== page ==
Self Benefitted, Self Settled Trusts. One can establish a completed gift self-settled (for one's own benefit) trust that provides tax planning and creditor protection. Because of the $5 million basic exclusion amount, the funding of this protected self-settled trust can be very significant.

There are more planning opportunities than ever!


3- Deceased Spousal Unused Exemption Amount – More Detail

This provides more explanation on the brand new estate and gift tax concept of the Deceased Spousal Unused Exemption Amount ("DSUEA") installed by the Tax Relief, Unemployment Insurance Reauthorization, and Job Creation Act of 2010 (the “Act”).

The estate tax is reduced by an amount called the Unified Credit. The Unified Credit is equal to the amount of tax that the estate would incur if the taxable estate were exactly equal to an amount called the Applicable Exclusion Amount (AEA). It is the AEA that is often thought of as the exemption amount or exemption equivalent. For decedents dying after 2010, the AEA for estate and gift tax purposes is generally $5,000,000.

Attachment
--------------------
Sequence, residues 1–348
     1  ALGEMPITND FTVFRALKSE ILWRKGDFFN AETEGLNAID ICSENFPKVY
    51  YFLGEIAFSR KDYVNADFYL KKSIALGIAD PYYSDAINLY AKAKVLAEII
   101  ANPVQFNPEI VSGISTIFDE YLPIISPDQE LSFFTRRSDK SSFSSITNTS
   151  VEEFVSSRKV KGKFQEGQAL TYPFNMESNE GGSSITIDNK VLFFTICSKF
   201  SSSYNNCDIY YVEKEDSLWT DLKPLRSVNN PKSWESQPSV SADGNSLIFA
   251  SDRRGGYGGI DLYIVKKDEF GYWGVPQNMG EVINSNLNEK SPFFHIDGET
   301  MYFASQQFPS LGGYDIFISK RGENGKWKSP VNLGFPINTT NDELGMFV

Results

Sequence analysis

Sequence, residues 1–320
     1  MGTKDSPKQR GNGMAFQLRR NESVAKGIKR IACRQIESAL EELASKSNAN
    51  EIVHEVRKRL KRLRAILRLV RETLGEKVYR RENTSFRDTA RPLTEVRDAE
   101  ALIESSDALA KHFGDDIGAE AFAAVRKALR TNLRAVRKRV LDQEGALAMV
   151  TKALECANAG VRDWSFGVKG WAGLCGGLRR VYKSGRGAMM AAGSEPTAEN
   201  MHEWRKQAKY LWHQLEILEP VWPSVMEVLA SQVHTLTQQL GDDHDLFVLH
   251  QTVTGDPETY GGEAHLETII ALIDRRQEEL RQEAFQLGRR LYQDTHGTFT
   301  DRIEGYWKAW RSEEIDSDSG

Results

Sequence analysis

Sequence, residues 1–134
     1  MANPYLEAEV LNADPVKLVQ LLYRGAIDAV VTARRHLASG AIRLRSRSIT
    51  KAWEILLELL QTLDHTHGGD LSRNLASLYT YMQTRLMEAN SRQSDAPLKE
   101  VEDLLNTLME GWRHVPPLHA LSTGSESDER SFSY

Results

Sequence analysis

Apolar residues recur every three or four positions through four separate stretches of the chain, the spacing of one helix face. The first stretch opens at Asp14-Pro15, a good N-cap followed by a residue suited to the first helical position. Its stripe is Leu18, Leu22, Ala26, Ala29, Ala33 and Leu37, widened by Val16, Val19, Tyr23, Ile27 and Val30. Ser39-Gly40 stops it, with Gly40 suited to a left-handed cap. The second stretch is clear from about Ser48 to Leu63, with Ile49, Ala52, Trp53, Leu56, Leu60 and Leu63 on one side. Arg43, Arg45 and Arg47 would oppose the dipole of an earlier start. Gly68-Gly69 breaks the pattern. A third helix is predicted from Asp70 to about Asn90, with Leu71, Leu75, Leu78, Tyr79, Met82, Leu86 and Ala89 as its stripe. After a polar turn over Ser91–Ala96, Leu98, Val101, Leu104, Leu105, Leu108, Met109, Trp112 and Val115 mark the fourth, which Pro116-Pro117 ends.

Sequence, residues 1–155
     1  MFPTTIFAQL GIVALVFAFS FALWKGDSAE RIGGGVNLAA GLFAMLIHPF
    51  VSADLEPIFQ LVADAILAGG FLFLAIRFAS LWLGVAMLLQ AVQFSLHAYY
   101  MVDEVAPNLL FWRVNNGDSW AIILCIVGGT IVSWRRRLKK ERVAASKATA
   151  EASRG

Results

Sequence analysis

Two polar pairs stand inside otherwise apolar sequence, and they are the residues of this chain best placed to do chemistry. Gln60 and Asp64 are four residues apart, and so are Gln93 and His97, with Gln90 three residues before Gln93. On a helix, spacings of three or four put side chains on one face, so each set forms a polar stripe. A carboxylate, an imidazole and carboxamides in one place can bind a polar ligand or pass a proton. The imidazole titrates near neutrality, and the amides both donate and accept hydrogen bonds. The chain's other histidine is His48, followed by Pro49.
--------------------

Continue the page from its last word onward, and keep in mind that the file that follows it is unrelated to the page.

The Act establishes a new rule that the AEA can be increased for a surviving spouse by the deceased spouse’s unused AEA. This is commonly referred to as “portability.”

Portability means any or all of the $5 million AEA not used by the estate of a predeceased spouse may now be transferred to a surviving spouse by making an election on a timely filed estate tax return. This new rule is effective for decedents dying and gifts made after December 31, 2010. The carryover is called the “Deceased Spousal Unused Exclusion Amount” (DSUEA).

The DSUEA addition to the surviving spouse’s AEA will reduce gift and estate taxes of the surviving spouse.

Notable is that the DSUEA, however, does not apply to generation-skipping tax (GST) transfers.

DSUEA is scheduled to expire on December 31, 2012, along with the rest of the Act’s tax provisions.

This makes it possible for a married couple to transfer up to $10 million free of estate and gift taxes to their intended donees and beneficiaries. Before portability was enacted, a surviving spouse could not utilize any part of the unused Applicable Exclusion Amount of a predeceased spouse.